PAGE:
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58 Cards in this Set

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What drives water movement in cell
Osmotic pressure difference across cell membrane
When you add isotonic solution what happens to cell volume
Stays same
When you add hypotonic solution what happens to cell
Swells
When you add hypertonic solution what happens to cell
Shrinks
Percenntage of body weight water takes
60%
Intercellular fluid is _ %
Extracellular fluid is _ %
40%
20%
Extracellular fluid consists of _ and _
Plasma - 5 %
Interstitial fluid + lymph - 15 %
How do you calculate total body weight from weight
Total body water = 0.6 * body weight
How do you calculate how much of body weight is ECF, ICF
ECF = body weight * 0.2
ICF = body weight * 0.4
How do you calculate plasma volume and interstitial volume
Plasma volume = 5% body weight or 25% ECF
Interstitial volume = 15 % body weight or 75 % ECF
Main component of ECF is _
ICF _
ECF - Na
ICF - K
When you add isotonic IV, what happens to volume and osmolaltity of ECF and ICF
Increases volume of ECF, everything else is same
When you add hypotonic IV, what happens to volume and osmolaltity of ECF and ICF
-Increase ICF and ECF volume
-Decrease EC and IC osmolality
When you add hypertonic IV, what happens to volume and osmolaltity of ECF and ICF
-Increases ECF, decreases ICF volume
-Increases EC and IC osmolality
Arterial blood supply of kidney
Renal artery --> Segmental artery --> Lobar artery --> Interlobar artery --> Arcuate artery --> Interlobular artery --> Afferent arterioles
Kidneys receive _ % of cardiac output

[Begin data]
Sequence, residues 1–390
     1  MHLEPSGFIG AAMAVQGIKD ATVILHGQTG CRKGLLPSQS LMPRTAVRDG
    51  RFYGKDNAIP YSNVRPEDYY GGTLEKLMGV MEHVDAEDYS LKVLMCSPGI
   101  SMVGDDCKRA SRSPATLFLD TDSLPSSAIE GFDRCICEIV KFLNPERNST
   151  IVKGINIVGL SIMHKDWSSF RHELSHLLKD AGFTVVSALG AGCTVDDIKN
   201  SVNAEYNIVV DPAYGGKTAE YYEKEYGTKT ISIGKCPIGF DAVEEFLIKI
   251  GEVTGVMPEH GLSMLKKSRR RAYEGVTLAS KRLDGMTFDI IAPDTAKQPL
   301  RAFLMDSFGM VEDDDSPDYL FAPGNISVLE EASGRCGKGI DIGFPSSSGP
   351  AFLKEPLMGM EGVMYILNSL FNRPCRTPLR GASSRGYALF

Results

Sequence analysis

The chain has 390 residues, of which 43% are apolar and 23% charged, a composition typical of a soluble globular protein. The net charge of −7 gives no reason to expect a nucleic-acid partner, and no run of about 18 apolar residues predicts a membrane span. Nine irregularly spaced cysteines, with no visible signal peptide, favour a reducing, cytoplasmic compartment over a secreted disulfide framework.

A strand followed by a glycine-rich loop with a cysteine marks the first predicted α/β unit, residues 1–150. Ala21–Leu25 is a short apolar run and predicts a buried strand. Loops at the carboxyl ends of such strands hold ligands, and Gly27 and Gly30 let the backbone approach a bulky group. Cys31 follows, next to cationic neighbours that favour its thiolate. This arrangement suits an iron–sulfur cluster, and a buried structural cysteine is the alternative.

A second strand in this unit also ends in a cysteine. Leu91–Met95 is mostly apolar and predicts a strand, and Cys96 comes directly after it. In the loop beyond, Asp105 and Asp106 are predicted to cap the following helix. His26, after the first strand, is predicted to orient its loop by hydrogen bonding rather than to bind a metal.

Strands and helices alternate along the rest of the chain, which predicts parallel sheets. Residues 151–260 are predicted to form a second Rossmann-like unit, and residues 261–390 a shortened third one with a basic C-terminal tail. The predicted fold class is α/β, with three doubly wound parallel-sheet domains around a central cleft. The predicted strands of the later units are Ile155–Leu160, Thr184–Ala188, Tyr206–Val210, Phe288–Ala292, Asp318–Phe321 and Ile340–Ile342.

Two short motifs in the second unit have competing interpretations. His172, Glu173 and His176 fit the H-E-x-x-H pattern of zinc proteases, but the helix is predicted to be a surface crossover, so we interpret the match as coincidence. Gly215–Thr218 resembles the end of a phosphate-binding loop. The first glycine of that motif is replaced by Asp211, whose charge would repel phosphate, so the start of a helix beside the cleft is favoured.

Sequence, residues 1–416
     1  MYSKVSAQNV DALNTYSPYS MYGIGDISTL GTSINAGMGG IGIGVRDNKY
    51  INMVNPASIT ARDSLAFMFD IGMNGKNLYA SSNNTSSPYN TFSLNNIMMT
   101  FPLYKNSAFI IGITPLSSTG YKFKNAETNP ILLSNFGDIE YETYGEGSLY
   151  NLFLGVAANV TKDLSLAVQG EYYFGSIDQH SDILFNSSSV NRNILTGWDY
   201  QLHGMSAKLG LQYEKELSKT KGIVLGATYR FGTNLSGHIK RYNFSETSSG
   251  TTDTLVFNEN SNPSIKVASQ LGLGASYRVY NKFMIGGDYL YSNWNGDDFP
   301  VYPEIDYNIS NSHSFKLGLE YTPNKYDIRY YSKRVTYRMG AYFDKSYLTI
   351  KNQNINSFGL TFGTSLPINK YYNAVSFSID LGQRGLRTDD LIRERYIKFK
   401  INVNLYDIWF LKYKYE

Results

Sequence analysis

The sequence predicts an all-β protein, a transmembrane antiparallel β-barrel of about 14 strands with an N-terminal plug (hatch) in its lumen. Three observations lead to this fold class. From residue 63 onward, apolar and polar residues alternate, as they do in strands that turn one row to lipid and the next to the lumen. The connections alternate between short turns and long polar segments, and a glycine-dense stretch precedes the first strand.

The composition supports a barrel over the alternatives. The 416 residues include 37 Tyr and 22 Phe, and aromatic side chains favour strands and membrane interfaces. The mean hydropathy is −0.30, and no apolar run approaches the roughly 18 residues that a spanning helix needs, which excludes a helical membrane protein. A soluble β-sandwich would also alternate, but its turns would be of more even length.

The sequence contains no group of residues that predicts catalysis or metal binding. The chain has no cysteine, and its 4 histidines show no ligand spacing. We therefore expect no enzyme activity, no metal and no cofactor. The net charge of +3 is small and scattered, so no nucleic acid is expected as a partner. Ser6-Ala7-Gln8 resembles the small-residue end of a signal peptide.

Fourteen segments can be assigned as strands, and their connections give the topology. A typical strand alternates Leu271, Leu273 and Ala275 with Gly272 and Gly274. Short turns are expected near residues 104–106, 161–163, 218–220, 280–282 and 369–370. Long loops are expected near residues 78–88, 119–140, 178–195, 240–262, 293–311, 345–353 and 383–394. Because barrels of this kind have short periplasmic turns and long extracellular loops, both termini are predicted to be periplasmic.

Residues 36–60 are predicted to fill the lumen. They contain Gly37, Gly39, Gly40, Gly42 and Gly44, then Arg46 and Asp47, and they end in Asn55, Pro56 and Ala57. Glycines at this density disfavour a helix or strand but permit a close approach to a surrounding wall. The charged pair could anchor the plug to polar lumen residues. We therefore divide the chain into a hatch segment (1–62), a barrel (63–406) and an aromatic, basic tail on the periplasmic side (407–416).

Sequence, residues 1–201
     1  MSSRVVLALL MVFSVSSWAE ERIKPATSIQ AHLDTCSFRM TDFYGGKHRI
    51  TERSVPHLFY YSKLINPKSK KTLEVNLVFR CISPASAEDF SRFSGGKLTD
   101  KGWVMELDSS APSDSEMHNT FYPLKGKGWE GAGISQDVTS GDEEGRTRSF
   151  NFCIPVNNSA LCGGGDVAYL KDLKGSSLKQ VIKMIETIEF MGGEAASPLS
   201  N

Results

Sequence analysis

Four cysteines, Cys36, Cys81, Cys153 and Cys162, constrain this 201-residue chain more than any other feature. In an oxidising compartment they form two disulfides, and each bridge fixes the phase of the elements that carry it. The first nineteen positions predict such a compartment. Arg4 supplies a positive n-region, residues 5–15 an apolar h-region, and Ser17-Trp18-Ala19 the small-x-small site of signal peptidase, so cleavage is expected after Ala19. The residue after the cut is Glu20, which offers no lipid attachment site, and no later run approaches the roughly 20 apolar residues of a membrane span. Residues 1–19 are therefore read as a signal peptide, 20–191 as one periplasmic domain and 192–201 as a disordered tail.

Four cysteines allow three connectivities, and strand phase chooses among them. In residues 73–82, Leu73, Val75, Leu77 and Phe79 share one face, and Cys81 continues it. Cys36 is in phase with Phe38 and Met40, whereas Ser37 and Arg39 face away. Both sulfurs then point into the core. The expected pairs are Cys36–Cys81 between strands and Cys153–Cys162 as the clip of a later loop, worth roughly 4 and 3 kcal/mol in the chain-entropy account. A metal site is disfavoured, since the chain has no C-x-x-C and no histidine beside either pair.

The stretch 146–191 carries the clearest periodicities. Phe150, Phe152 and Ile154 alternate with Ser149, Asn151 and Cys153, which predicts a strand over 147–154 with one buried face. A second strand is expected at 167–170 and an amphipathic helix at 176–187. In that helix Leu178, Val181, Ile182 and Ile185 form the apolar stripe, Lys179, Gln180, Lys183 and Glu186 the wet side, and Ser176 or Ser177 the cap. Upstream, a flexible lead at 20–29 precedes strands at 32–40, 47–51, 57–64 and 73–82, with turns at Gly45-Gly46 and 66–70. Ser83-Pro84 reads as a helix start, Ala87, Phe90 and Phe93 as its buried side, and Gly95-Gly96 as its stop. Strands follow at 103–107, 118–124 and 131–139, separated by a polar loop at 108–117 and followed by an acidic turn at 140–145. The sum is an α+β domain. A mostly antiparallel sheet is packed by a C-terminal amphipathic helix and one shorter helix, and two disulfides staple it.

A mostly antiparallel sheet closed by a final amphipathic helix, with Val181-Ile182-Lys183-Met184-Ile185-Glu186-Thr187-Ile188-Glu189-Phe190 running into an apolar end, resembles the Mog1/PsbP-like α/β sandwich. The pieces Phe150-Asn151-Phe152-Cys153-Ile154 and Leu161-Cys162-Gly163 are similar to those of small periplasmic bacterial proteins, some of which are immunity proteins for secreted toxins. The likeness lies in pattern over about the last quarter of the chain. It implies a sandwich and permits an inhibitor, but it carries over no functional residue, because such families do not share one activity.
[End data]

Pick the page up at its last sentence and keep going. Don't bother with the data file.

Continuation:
20
Medullary nephron
-higher filtration rate
-long loops of Henle
-capillary network and vasa recta
Superficial nephron
-lower filtration rate
-short loops of Henle
-peritubular capillaries without vasa recta
Describe filtration barrier of kidney
Epithelium --> basement membrane --> fenestrated endothelium
Filtration barrier is negatively charged - small molecules pass, large cannot
Which force is driving for filtration
Pgc - hydrostatic pressure
Which forces oppose filtration
Hydrostatic pressure of tubule - Pt
Colloid osmotic pressure
Net ultrafiltration pressure gradient
difference between pressures that favoring and opposing filtration - Pf
GFR equation
GFR = Kf * Pf = Kf * (Pgc - (Pt + Pb )
Kf = ...
membrane permeability * membrane surface area
Membranous nephropathy - thickening of basement membrane has what effect on Kf
Decreases permeability --> decreases Kf --> decreases GFR
Epithelial cell injury - foot process detachment has what effect on Kf
Increases surface area --> increases Kf --> increase GFR - more protein in urine
GFR in healthy person
120 ml/min
_ doesnt change much across capillary length
Pressure difference
_ increases along length of capillary length
Osmotic colloid pressure
There is net _ in Pf across capillary length
decrease
When you increase Pgc, what happens to pressure difference
Increases
When you increase tubular pressure, what happens to pressure difference
Decreases
When you constrict afferent arteriole, what happens to Pgc and GFR
Decrease Pgc
Decrease GFR
Most common regulator of GFR
Changes in afferent arteriole resistance
Constriction of efferent arteriole does what to Pgc and GFR
Increase Pgc
Increase GFR
What happens to Pgc and GFR when you dilate afferent arteriole